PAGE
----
Equipment used for stealing ATM card information was discovered last Saturday evening at the TD Canada Trust branch in Elmira.
Police were contacted by a man who noticed something suspicious while visiting the bank Mar. 20.
A representative from the bank later contacted police to report the discovery of cameras that had been set up in the lobby of the bank in order to record customers keying in their PIN numbers.
“It does seem as though someone had tampered with the ATM at the Elmira location,” said Kelly Hechler, a spokesperson for TD Canada Trust. “But the good news is that nobody’s information was compromised.”
It was fortunate that the customer noticed the fraudulent equipment as soon as he did, then reported it, added Hechler.
“If you are at a bank machine or a store using a bank terminal and something doesn’t look right or feel right, it’s good to follow your instincts and either report it or go use a different machine.”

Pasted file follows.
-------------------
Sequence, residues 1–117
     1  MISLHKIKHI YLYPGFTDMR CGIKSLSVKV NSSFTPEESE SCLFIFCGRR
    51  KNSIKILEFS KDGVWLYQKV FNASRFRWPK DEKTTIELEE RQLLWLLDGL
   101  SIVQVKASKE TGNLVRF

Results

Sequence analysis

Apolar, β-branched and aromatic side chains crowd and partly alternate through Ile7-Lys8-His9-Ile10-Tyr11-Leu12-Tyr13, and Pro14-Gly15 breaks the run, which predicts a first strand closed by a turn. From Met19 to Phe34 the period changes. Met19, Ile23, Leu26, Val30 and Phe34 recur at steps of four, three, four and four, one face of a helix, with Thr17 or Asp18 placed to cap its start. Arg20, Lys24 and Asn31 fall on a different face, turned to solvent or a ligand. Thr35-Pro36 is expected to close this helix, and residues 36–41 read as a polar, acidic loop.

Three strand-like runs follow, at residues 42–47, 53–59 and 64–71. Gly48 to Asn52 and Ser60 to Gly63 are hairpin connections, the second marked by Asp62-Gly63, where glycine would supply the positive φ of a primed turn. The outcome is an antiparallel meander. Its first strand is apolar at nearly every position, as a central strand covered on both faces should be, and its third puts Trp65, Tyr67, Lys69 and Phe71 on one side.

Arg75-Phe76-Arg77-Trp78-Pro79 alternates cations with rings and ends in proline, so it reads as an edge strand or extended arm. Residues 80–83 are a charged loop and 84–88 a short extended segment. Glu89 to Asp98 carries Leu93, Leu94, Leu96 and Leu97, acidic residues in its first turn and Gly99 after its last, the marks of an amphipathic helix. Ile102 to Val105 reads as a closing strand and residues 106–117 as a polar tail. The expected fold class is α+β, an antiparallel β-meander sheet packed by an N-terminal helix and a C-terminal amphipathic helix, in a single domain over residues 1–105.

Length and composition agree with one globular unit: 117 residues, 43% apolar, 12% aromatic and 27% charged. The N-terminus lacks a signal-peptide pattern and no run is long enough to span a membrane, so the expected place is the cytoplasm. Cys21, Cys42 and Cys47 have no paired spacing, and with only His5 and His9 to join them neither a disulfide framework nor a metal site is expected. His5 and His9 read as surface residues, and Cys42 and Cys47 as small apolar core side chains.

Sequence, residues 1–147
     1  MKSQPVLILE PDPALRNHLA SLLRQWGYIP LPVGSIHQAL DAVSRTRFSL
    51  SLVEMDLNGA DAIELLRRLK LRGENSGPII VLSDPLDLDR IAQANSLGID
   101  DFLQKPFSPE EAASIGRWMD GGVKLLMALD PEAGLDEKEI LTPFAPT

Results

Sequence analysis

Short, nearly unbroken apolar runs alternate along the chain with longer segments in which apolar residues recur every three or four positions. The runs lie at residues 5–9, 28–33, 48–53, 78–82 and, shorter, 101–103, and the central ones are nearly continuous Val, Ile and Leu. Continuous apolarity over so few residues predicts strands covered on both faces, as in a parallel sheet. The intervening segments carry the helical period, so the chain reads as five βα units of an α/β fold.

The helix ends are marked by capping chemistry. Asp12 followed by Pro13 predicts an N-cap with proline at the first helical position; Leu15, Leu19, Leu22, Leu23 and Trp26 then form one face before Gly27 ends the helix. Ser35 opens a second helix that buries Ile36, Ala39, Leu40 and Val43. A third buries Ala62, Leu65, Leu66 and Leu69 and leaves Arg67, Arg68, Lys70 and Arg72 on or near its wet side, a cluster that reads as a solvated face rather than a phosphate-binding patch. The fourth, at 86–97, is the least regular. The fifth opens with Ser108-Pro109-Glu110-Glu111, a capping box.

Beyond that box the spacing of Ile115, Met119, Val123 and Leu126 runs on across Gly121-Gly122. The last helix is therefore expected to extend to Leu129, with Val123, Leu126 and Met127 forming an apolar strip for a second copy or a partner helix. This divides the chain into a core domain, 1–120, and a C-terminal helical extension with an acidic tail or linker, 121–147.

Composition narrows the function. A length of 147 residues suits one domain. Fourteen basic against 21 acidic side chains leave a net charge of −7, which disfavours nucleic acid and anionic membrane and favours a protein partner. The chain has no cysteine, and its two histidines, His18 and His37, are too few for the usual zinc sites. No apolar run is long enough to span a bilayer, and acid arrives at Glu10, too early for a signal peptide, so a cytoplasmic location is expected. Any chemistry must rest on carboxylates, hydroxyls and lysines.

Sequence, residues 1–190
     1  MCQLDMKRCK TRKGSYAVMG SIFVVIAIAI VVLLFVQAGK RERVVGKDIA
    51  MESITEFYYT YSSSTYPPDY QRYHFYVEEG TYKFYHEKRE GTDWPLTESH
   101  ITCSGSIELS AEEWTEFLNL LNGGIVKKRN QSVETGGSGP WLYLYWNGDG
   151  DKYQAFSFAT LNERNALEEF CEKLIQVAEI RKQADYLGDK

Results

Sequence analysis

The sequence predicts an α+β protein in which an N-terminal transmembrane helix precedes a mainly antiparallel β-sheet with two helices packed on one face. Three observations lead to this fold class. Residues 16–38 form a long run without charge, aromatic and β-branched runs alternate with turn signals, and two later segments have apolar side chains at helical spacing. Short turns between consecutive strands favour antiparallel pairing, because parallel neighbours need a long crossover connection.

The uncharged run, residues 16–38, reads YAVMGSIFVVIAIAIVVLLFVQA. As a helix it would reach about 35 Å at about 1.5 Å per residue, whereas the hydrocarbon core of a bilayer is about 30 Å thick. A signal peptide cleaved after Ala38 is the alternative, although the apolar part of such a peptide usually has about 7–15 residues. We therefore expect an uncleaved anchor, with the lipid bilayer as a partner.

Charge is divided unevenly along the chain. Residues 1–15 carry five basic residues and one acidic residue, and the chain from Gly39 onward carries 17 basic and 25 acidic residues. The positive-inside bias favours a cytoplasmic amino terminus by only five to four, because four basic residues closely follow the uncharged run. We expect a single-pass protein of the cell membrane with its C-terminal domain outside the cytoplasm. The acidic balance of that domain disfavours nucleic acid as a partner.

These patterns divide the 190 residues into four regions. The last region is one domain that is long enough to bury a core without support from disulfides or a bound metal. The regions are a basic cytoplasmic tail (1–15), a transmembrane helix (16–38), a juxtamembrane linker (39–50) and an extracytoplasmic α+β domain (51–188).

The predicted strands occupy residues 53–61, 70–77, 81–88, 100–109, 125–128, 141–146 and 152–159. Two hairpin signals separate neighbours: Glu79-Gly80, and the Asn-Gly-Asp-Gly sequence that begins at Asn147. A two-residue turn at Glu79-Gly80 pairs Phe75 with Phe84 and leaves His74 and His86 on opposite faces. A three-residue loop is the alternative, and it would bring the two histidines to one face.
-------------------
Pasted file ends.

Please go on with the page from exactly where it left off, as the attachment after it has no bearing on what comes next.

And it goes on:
Hechler explained that during regular banking hours, the machines are checked frequently to ensure that they are in good working order and have not been tampered with, but after business hours is a bit more difficult to manage. After more thoroughly checking the machine, members of staff at the local bank were able to determine that no card information was successfully taken. However, in order to be completely sure, police are investigating the situation and advising people who used the ATM at that location on Mar. 20 to make sure their accounts were not tampered with.
This type of fraud is on the rise in Canada, explained Hechler, but there are ways to protect yourself from a similar incident. The first tactic is to always protect your PIN when entering it at an ATM. Without knowing the PIN, a thief cannot access the bank account. In addition, bank cards are now being made with ‘chip technology’ – a small gold square on the front of debit cards and is a unique identifier for each individual card – that will reduce the risk of this type of fraud.